Effects of pressure-induced membrane phase transitions on inactivation of HorA, an ATP-dependent multidrug resistance transporter, in Lactobacillus plantarum

H. M. Ulmer, H. Herberhold, S. Fahsel, M. G. Gänzle, R. Winter, R. F. Vogel

Research output: Contribution to journalArticlepeer-review

103 Scopus citations

Abstract

The effects of pressure on cultures of Lactobacillus plantarum were characterized by determination of the viability and activity of HorA, an ATP-binding cassette multidrug resistance transporter. Changes in the membrane composition of L. plantarum induced by different growth temperatures were determined. Furthermore, the effect of the growth temperature of a culture on pressure inactivation at 200 MPa was determined. Cells were characterized by plate counts on selective and nonselective agar after pressure treatment, and HorA activity was measured by ethidium bromide efflux. Fourier transform-infrared spectroscopy and Laurdan fluorescence spectroscopy provided information about the thermodynamic phase state of the cytoplasmic membrane during pressure treatment. A pressure-temperature diagram for cell membranes was established. Cells grown at 37°C and pressure treated at 15°C lost >99% of HorA activity and viable cell counts within 36 and 120 min, respectively. The membranes of these cells were in the gel phase region at ambient pressure. In contrast, cells grown at 15°C and pressure treated at 37°C lost >99% of HorA activity and viable cell counts within 4 and 8 min, respectively. The membranes of these cells were in the liquid crystalline phase region at ambient pressure. The kinetic analysis of inactivation of L. plantarum provided further evidence that inactivation of HorA is a crucial step during pressure-induced cell death. Comparison of the biological findings and the membrane state during pressure treatment led to the conclusion that the inactivation of cells and membrane enzymes strongly depends on the thermodynamic properties of the membrane. Pressure treatment of cells with a liquid crystalline membrane at 0.1 MPa resulted in HorA inactivation and cell death more rapid than those of cells with a gel phase membrane at 0.1 MPa.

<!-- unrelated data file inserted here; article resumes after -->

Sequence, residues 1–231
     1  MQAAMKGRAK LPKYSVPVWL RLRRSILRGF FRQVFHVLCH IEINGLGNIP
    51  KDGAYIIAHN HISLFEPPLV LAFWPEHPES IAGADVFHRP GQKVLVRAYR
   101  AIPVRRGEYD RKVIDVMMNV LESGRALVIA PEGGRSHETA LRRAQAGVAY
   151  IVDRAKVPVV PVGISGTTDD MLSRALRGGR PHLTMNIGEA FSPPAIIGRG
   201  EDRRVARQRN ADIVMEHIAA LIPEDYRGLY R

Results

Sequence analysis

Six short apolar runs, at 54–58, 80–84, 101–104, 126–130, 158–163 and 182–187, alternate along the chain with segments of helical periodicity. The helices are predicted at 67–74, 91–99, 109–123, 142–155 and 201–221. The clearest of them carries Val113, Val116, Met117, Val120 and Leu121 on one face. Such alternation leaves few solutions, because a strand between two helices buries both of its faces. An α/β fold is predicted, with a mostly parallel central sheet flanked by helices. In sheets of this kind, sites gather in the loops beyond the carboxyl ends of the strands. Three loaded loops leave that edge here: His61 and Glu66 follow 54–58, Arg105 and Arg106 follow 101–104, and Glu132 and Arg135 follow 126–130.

Original languageEnglish
Pages (from-to)1088-1095
Number of pages8
JournalApplied and Environmental Microbiology
Volume68
Issue number3
DOIs
StatePublished - 2002

Fingerprint

Dive into the research topics of 'Effects of pressure-induced membrane phase transitions on inactivation of HorA, an ATP-dependent multidrug resistance transporter, in Lactobacillus plantarum'. Together they form a unique fingerprint.

Cite this